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Oriental China - Clobber Ware

( Originally Published 1911 )



MANY lovely specimens of blue and white with the Kang-he marks, with the double rings or with the leaf symbol inside the double rings under the glaze, genuine specimens of old Kang-he, have been irretrievably spoilt by being plastered over with thick enamels of red, green, blue, &c. The old English word "clobber " means a paste to conceal cracks in shoes, and the pity of the clobber decoration was that the enamels, having been burnt in, are to all intents and purposes irremovable. Before me, as I write, is a Kang-he vase with a leaf symbol within the double circle, showing a real old Kang-he blue and white production, but unfortunately the clobberer has plastered coloured enamel over the blue decoration, now faintly visible, and only where a transparent green or pink glaze has been applied ; the rest is absolutely hidden by opaque glazes of rose and yellow, white, lilac, and blue, until the character of the Oriental piece has been entirely destroyed. The number of pieces so spoiled seemed to indicate that there was a demand for clobber ware, or that, as we noted, blue and white was not popular, or that it was imported for redecoration in the absence of white ware which could be used for the same purpose.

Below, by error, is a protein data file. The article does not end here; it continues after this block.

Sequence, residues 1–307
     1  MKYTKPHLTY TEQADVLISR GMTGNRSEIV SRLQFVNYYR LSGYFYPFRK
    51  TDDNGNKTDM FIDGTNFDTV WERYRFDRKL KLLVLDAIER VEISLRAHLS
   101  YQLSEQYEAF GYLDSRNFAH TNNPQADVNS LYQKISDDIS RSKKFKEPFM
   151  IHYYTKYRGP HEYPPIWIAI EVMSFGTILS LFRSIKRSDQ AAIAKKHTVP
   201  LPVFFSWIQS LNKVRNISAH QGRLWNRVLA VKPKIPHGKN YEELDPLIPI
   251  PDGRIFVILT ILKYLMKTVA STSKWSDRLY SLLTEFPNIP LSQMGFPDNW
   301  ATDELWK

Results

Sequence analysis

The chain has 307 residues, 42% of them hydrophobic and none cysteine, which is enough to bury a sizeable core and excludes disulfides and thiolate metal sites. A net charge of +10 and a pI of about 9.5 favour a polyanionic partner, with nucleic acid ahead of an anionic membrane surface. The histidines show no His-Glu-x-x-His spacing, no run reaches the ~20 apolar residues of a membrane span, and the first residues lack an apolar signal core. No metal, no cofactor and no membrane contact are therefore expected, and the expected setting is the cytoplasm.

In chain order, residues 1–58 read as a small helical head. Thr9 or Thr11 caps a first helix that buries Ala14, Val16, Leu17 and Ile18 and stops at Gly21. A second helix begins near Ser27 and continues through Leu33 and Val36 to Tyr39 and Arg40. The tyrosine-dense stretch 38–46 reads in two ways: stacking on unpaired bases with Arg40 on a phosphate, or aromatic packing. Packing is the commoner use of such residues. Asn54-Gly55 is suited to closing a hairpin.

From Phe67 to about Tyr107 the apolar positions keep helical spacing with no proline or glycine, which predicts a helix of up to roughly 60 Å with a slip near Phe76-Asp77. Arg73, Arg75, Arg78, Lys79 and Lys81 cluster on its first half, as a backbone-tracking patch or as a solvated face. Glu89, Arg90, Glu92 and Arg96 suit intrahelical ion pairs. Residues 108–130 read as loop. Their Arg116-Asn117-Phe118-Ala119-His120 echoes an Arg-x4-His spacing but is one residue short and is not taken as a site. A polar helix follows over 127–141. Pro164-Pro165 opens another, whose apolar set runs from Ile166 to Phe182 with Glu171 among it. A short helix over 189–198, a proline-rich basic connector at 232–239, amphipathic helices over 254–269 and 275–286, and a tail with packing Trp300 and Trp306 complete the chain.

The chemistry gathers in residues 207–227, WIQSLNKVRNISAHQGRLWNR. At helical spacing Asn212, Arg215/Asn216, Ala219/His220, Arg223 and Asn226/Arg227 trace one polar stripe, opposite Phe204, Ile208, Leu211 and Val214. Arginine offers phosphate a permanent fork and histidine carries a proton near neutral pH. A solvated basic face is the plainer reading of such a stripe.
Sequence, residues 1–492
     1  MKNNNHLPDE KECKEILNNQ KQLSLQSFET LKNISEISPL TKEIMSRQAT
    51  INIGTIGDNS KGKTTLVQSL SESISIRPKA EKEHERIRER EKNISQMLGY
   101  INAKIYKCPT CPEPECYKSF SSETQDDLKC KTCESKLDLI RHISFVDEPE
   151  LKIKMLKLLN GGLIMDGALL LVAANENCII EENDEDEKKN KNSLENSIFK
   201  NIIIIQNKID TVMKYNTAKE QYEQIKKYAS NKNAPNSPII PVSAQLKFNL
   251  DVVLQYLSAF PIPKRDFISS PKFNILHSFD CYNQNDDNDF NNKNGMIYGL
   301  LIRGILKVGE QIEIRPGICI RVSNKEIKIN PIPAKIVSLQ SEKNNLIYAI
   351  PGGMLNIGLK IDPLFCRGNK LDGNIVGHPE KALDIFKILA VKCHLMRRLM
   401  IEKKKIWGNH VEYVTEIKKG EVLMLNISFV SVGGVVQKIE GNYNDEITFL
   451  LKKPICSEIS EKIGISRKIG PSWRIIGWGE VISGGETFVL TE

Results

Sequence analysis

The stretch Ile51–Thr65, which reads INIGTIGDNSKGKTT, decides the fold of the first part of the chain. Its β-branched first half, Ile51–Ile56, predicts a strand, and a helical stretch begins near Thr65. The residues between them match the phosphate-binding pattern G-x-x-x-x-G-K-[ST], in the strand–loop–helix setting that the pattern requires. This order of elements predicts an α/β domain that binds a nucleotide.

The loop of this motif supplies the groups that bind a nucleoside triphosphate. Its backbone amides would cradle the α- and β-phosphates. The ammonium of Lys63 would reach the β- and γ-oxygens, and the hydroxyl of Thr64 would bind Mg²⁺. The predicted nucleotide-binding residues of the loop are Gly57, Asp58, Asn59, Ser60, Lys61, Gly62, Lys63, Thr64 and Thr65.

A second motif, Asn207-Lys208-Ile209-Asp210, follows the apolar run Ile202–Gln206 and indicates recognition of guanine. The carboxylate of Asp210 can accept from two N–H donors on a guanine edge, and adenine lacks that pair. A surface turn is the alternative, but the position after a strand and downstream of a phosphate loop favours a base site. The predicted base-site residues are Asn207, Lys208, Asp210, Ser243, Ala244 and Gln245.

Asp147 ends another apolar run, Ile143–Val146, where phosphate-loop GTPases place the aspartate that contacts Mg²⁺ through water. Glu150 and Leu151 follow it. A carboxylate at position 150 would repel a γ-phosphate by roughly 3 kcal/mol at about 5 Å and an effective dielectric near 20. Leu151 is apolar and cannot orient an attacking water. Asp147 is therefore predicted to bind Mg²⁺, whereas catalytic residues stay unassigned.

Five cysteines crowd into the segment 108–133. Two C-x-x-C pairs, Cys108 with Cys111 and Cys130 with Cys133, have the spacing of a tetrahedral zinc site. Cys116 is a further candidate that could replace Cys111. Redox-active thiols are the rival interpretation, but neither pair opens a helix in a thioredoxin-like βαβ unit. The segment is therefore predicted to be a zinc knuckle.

Chinese porcelain in its white state was freely imported into Europe and decorated in the factories of Holland, France, Germany, and Italy, as well as in this country.

Every one who collects china is familiar with the so-called Lowestoft decoration, not a thousandth part of which ever saw Lowestoft; in fact, that researches which have been made at Lowestoft indicate that the manufacture was soft paste resembling early Bow and Worcester. Of course, some white Oriental china may have been deco-rated there, though no traces of broken hard paste seem to have been found in the excavations. It may be that Bow, Chelsea, and Worcester did decorate white Oriental china, but the information we have on this point is singularly weak and inconclusive. The clobber decoration is not alone in enamel colours or gold, but even lacquer is used for the same purpose. It is needless to say that the change is never to the advantage of the piece, and often the under-glaze blue may be seen peeping as it were, reproachfully from beneath the overlying transparent enamel.

Another, but similar name, is sometimes applied to this style of decoration. It is said that an enameler named Globber—hence Globber ware—redecorated white and blue porcelain with enamels at Soho during the latter part of the eighteenth century.



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